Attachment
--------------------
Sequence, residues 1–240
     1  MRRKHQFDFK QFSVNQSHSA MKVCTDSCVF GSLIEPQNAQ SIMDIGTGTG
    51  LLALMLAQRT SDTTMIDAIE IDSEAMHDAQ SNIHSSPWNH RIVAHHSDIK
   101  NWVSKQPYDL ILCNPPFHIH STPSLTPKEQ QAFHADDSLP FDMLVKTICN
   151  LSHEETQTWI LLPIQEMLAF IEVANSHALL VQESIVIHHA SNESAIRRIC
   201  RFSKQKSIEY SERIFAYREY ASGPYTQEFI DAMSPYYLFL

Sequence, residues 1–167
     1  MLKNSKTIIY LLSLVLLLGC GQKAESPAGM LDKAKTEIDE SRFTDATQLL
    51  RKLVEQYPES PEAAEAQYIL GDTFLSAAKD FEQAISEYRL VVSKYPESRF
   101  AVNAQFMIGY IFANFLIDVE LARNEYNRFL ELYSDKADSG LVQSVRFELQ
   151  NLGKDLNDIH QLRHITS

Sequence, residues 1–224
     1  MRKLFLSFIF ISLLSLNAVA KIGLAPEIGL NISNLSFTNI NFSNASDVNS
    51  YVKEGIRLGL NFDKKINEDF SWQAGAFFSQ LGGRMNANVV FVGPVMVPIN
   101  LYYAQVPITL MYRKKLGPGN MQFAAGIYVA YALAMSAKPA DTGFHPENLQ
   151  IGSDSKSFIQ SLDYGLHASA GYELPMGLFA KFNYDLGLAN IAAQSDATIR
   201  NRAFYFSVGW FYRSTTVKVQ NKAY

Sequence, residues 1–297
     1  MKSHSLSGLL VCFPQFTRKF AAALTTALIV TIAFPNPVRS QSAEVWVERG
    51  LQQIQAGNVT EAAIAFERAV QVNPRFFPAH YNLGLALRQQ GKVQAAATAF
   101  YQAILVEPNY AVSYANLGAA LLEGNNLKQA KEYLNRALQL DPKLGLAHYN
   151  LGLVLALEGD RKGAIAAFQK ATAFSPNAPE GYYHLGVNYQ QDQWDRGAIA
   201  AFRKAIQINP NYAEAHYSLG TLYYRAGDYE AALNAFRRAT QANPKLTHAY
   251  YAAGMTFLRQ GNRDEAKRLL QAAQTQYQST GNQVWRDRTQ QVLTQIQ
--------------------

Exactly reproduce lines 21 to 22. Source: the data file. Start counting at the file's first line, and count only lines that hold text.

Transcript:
   101  YQAILVEPNY AVSYANLGAA LLEGNNLKQA KEYLNRALQL DPKLGLAHYN
   151  LGLVLALEGD RKGAIAAFQK ATAFSPNAPE GYYHLGVNYQ QDQWDRGAIA